There are still bits of Portland I've never seen in fifteen years. The old Navy leisure centre, five years younger than me, has a slightly run-down functionalism I find rather appealing - because however uninteresting it may seem, better that than the pseudo-opportunities of the Olympics, a stone's throw away less than three years hence, whose benefits to those outside a narrow nouveau riche are, at best, debatable (and it has the same clock as the first swimming pool I ever went to, back on the Estuary, which gave me pleasant 1988 flashbacks). The whole of Castletown has a sense of multiple worlds in collision - pub after pub closing, the new luxury flats going up in the old sports field, dangerous staircases still standing in the back streets, memories of the unending quasi-nightmare of the old hospital that part of me nonetheless now misses, the doomed grandiosity of the old Navy flats redesigned for the new elite as a 1950s liner directly facing the brutalist shell of those as yet unconverted, a general sense that this place - like the political state of the UK itself - is in a state of flux that will soon be decisively decided in favour of a certain narrowness that poses dangerously as "democratisation". The final impression you get is that, while the old Portland was probably unsustainable, especially once the Navy had left (just after I came), it should have a future less neoliberal and more equal than this one.

Those around me will never really understand why I see poetry in ruined brutalist buildings - they won't grasp that, for me, they represent a world and a way of organising society which for all its faults, and it had many, shared the benefits of new developments much more evenly around the populace than is the case today, where the Olympics coming to somewhere like Portland (or, indeed, east London) would have been a genuinely public project. All told, a strangely fitting backdrop to swimming ten lengths for the first time in eight years. I'll go back. But I hope the backwash of new wealth doesn't take the surroundings beyond the means of their people. The pub timebomb forecast fifteen years ago has undoubtedly gone off, and I can't say I'm too sad. But we don't have to throw the communality baby out with the insular bathwater. A fitting sign-off for the hundredth post.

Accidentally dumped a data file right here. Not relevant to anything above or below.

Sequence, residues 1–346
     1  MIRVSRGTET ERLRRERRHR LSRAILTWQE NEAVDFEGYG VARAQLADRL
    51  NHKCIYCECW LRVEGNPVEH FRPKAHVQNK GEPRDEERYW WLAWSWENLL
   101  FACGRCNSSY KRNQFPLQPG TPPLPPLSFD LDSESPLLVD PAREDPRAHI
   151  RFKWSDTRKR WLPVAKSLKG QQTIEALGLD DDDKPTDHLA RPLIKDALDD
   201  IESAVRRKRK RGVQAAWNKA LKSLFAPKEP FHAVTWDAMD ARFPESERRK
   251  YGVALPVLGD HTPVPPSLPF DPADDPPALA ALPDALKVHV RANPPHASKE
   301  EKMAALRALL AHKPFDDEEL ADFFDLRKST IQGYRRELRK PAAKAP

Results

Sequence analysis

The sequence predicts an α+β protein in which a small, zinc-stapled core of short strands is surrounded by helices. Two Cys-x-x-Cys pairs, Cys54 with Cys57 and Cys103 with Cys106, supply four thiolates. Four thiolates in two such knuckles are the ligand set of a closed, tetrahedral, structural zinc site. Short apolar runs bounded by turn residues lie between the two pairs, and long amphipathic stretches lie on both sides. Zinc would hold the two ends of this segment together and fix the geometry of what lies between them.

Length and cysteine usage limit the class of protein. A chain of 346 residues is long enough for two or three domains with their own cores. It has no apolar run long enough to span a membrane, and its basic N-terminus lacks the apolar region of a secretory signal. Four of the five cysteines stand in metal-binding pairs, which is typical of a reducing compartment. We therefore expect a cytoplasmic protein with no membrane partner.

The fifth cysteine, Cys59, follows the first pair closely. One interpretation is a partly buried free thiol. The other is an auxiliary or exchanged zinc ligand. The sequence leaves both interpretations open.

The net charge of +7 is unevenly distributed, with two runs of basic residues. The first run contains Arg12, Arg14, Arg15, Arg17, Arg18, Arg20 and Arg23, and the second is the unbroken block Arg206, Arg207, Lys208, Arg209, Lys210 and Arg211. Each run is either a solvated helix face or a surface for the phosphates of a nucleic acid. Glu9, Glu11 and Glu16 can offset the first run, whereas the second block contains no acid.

Joss Stone: the legacy of capitalism's first great compromise

O. Henry said that to be really happy in this world you must have "a little country where you don't live". Britain was the first country in the world to have a predominately urban populace, yet ran in fear from the full implications of this shift almost as soon as it had happened. Joss Stone's new album Colour Me Free! - am I wrong to find this title distasteful, as if she's trying to imagine a title The Holy Sainted Aretha would have used, had she been as crass and moronic as Stone herself is, a few years after the Civil Rights Act? - entered the UK album chart at number 75.

They may not appear so to the tediously compartmentalist, but these three facts are inherently and absolutely connected. When I'm told that I shouldn't be more upset by "Rep Ya Endz" graffiti on Portland than I would be if I still lived on the Thames Estuary, I offer the defence that such an instant reaction is illogical, irrational and Neurologically Typical - in other words, everything those around me have always wanted me to become. The fact that it can come even from as logical and calculated and unemotional a creature as I am says, I think, everything that needs to be said about the society I've grown up in. I attempted to make that point here, back in the old ghost ship, but I know so much more now.

The root cause of Joss Stone's unpopularity in her home country, even while she can still have Top 10 albums in the US and some European countries, can be traced directly to the trade-off between the landed aristocracy and the new business elite which followed the Industrial Revolution. Rather than take absolute control, as their equivalents would go on to do in many of the countries which copied our original blueprint but were then able to overtake us because they weren't ravaged by the legacy of feudalism, the new elite accepted an uneasy compromise - sometimes cited, probably correctly, as the key event in British history - in which a romanticised vision of a pre-industrial countryside would retain a key cultural role wholly out of scale with its actual role in the heart-of-empire economy, or the percentage of the population who lived there. And so it has remained, carried down through the generations to the point where, even today, even amid the grand technological dissolution of geographical borders, most of our predominately urbanised populace will not accept from those who have actually grown up in that "little country where they don't live" what they take absolutely for granted from those who share their own background. As the English are now far greater "prisoners of history" than the Irish on either side of the border, so Stone, in her home country, is arguably the greatest prisoner of all.